There was a brief period this morning when market prices were almost determined by non-central banks. Almost. Because shortly before the European market open, a technical failure on the Eurex exchange prevented trading in euro-area bond futures the day after Greek debt talks collapsed. And sure enough, after initially seeing significant downward pressure, which nobody could capitalize on of course courtesy of the broken Eurex, risk both in Europe and the US has since rebounded courtesy of the ECB, SNB and BIS, led by the EURUSD (because a Grexit threat which according to Commerzbank has been raised from 25% to 50% is bullish for the artificial currency), which is now at the level last seen just before yesterday's negotiations broke down, and US futures are about to go green.
From here, the question is whether the current uptick is any more than a bout of short-covering which is doomed to relapse and print new lows once the overstretch inherent in an almost uninterrupted 60% plunge is worked off, or whether some more meaningful recovery can be staged. We still have our doubts about the latter outlook and would watch for behaviour near the 2009 low and the old range high (or in terms of the most heavily weighted of the constituents, crude oil, whether it will hold above first $40/bbl then $35). If not, we face the possibility of a reversion to the mean/mode of that 1974-2005 band at a level loosely corresponding to $20/bbl oil.
"Isolated, sanctioned, oil-crushed, 'economy is dying', warmonger" Russia...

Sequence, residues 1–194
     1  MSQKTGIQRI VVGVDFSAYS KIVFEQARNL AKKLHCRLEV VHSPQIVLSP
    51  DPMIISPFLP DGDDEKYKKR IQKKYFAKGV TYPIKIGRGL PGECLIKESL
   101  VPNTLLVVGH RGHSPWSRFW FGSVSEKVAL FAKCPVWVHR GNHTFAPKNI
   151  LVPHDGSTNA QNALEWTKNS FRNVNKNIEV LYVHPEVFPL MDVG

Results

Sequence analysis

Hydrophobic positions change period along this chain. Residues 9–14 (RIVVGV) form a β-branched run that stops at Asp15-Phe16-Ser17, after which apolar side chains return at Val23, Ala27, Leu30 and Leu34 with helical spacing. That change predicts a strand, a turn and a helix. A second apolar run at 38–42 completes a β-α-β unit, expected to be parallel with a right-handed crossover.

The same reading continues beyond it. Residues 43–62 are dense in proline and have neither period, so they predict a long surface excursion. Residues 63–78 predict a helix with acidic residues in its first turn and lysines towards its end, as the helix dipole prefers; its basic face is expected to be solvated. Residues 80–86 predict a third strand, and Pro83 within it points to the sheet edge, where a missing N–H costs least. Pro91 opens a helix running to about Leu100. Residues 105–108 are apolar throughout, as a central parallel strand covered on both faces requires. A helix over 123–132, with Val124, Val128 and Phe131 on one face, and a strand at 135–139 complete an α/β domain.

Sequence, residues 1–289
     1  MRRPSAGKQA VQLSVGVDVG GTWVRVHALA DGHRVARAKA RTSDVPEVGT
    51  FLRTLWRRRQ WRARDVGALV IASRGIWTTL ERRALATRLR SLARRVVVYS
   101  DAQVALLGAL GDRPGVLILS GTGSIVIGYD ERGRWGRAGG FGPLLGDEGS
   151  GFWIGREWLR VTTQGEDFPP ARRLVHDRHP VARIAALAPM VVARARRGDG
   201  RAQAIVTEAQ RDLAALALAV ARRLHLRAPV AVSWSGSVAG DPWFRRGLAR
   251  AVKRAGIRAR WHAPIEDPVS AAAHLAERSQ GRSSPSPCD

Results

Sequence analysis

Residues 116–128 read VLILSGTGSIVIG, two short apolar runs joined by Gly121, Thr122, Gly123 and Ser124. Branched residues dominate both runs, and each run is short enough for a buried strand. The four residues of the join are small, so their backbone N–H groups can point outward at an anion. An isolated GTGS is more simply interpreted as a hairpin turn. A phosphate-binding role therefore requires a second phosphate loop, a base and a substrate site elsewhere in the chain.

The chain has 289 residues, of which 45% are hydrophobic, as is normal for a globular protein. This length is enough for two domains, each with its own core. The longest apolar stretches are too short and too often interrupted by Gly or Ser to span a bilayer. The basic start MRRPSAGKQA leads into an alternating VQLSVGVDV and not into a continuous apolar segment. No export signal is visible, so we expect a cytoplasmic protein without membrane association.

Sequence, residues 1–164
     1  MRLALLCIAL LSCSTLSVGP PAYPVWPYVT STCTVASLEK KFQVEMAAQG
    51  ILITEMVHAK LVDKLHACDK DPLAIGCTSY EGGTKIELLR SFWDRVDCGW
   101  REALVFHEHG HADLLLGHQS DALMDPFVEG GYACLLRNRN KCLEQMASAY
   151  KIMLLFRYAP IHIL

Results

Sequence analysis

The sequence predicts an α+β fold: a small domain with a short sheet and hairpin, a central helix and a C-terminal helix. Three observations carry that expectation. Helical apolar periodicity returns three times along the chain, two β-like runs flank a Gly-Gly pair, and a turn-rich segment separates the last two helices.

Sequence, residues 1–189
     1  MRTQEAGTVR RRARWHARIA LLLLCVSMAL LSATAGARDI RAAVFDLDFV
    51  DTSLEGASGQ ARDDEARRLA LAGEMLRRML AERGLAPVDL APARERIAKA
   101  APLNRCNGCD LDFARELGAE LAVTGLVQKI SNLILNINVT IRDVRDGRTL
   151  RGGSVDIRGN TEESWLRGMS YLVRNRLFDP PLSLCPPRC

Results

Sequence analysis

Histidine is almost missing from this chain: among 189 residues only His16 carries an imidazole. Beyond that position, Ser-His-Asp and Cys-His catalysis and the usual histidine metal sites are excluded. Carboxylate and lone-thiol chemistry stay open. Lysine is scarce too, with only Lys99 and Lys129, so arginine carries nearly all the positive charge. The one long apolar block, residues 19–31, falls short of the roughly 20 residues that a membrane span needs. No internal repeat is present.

The dominoes are beginning to fall. The initial spark in 2008 has triggered a series of unyielding responses by those in power, but further emergencies and unintended consequences juxtapose, connect and accelerate a chain reaction that will become uncontainable once a tipping point is reached. The fabric of society is tearing at points of extreme vulnerability, with depression, violence and war on the foreseeable horizon. Mr. President, the shadow of crisis has not passed. The looming shadow of crisis grows ever larger and darker by the day as this Crisis enters the most dangerous phase, where the existing social order will be swept away in a torrent of carnage and ferocious struggle. We are not a chosen people. We are not immune from dire outcomes.
Since the anti-austerity Syriza party's victory in Greece's recent general election, the “Greek problem" is again preoccupying markets and policymakers throughout Europe. Some fear a return to the uncertainty of 2012, when many thought that a Greek default and exit from the eurozone were imminent.
Following the disgusting images of a Jordanian pilot being burned (allegedly) burned alive by ISIS yesterday, the US coalition against the terrorists appears to be faltering. As The NY Times reports, The United Arab Emirates, a crucial Arab ally in the American-led coalition against the Islamic State, suspended airstrikes against the Sunni extremist group in December, citing fears for its pilots’ safety. The UAE made it clear its pilots will not return to the fight until the Pentagon improve its search-and-rescue efforts, shifting the base of support from Kuwait to Iraq, after foreign minister, Sheikh Abdullah bin Zayed bin Sultan Al Nahyan, "let [Barabara Leaf] have it over this," the new American ambassador, why Central Command, in his country’s view, had not put proper assets in northern Iraq for rescuing downed pilots.
As reported earlier, several hours ago Saudi Arabia announced that its 91-year-old King Abdullah had passed away, in the process setting off what may be a fascinating, and problematic, Saudi succession fight which impacts everything from oil, to markets to geopolitics, especially in the aftermath of the dramatic political coup in neighboring Yemen. As a reminder, it is Saudi Arabia whose insistence on not cutting oil production with the intent of hobbling the US shale industry has led to the splinter of OPEC, and to a Brent price south of $50. Which is why today's event and its implications will be analyzed under a microscope by everyone: from politicians to energy traders. Here, courtesy of Ecstrat's Emad Mostaque, is an initial take at succession, the likely impact on oil, then the Saudi market & currency and finally regional politics.